#1698

2020-03-05

Ethiopian Basilica & Church of the Glorious Martyr

With Clyde Billington

Two church discoveries are reported in the news digests of the latest issue of ARTIFAX, our biblical archaeology news magazine. A church excavated in northern Ethiopia is the oldest church in sub-Saharan Africa and helps us understand the Christian history of that part of Africa. At Beth Shemesh in Israel, excavators have uncovered an impressive Byzantine church with beautiful mosaics and an inscription that dedicates the church to “The Glorious Martyr.” The identity of this martyr is not yet know. Also at Beth Shemesh, a large rock table has been excavated, which some believe may be connected to the story of the return of the Ark of the Covenant to the Israelites in I Samuel 6. And finally, we discuss the discovery of garum vats, a production facility for what some have called, “The Ketchup of the First Century.”

tags: Ethiopia Aksum Sudan Beth Shemesh Glorious Martyr Garum

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#1697

2020-03-04

Assyrian Rock Reliefs, Pilgrim Road News

With Clyde Billington

Assyrian rock reliefs, carved into a rocky cliff along an ancient canal in Kurdistan, are the cover story in the latest issue of ARTIFAX, our biblical archaeology news magazine. This canal may have been dug by Israelite slave labor. We discuss the biblical significance of this discovery. We also discuss a recent discovery made in connection with the excavation of the Pilgrim’s Road, between the Pool of Siloam and the Temple Mount. A measuring table device used by an agoranomos to calibrate liquid measurement in the market place is an unusual looking artifact. And we discuss an Israelite name written on a piece of pottery found at Abel Beth Maacah, which indicates this border town belonged to the Israelites around 900 BC.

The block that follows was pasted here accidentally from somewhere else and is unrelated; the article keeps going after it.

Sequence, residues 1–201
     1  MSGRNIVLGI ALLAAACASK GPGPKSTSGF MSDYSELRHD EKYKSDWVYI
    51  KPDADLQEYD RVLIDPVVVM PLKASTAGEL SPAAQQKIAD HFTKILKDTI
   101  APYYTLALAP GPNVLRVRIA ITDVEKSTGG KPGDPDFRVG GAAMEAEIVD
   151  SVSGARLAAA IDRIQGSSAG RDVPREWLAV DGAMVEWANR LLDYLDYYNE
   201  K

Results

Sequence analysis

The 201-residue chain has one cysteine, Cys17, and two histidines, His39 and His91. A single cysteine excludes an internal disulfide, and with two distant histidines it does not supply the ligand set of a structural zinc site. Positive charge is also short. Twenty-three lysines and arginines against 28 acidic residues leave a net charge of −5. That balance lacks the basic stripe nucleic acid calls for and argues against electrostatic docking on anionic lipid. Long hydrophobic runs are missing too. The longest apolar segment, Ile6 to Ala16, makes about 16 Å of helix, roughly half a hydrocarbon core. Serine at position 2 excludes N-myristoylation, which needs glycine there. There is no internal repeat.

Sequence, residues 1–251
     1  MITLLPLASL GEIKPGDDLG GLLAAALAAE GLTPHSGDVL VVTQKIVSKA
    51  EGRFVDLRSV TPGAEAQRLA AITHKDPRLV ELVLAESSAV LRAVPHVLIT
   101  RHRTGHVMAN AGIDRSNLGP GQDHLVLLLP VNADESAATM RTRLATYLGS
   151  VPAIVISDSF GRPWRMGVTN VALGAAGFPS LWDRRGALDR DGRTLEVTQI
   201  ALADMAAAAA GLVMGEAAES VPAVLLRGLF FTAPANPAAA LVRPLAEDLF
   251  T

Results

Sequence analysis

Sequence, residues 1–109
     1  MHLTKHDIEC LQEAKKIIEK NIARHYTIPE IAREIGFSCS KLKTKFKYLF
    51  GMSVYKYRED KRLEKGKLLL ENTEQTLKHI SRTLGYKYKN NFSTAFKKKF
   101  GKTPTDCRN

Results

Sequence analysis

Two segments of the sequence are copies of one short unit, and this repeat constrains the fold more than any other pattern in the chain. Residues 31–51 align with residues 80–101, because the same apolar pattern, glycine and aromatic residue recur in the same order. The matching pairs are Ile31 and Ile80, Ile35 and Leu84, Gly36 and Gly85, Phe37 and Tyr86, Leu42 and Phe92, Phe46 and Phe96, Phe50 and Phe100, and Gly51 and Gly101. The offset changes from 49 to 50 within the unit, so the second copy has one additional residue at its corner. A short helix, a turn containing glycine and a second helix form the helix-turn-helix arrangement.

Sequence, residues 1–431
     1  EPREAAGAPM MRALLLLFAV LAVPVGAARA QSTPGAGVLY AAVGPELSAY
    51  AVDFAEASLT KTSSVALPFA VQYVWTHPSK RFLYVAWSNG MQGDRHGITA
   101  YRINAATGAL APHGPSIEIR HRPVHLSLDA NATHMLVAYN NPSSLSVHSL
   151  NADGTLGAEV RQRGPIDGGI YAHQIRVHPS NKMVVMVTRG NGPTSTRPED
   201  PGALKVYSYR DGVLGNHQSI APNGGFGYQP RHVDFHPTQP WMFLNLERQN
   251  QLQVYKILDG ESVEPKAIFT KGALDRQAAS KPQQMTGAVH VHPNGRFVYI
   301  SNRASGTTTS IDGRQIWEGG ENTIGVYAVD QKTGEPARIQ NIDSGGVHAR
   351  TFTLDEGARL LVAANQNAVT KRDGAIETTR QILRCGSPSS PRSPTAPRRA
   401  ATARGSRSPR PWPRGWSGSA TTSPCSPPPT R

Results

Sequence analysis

tags: Assyrian rock reliefs Kurdistan Pilgrim's Road Pool of Siloam Temple Mount Agoranomos Abel Beth Maacah

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#1696

2020-02-18

Recent News: Legio, Ecole Biblique Centennial, and the Tomb of the Kings

With Clyde Billington

Reviewing news digest items from the recently published winter issue of ARTIFAX, our Biblical Archaeology Newsmagazine, we first noted a video posted on our website at radioscribe.com that features a lecture by Matthew Adams on the excavations of Legio, the second century Roman fort at Megiddo. After four seasons, some intriguing discoveries have been made. We also discussed the centennial of Ecole Biblique, home of French archaeology in the Holyland; the reopening of the Tombs of the Kings, which aren’t actually tombs of kings but of a queen instead; and the reopening of the Temple Mount Sifting Project in Jerusalem.

tags: Matt Adams ASOR Legio Megiddo Ecole Biblique Tombs of the Kings Temple Mount Sifting Project

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#1695

2020-02-14

Excavations Plans for 2020

With John DeLancey

It’s an annual tradition at the beginning of each new year to take a look at some of the excavations planned for the upcoming year. These are the institutional excavations, usually multi-year projects mounted by educational institutions, that mostly take place in the summer. (Salvage excavations, which make up 80% of the excavations in Israel take place year-round).

tags:

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#1694

2020-02-04

A Week in the Life of a Greco-Roman Woman, part 2

With Holly Beers

This is the seventh book in this A Week in the Life historical fiction series, published by InterVarsity Press, and the first fiction effort by Holly Beers, a professor of religious studies at Westmont College in Santa Barbara, CA. The fact that it's written by a woman and the main character is a woman makes it a little bit different but professor Beers does a great job of taking us inside the mind of a woman who lived in first century AD Ephesus. One of the best parts of this series are the archaeological and historical sidebars that are sprinkled throughout the books, which helps in our understanding of life in the first century. The worst thing about these books is that they are too short. After getting to know the characters, I would like to learn more about them. In these program she addresses three of the centers of interest in the book: The lecture hall of Tyrannus, the Agora (marketplace), and a worship service in the place of business of Priscilla, Aquila, and Paul.

tags: Ephesus women Paul childbirth Agora

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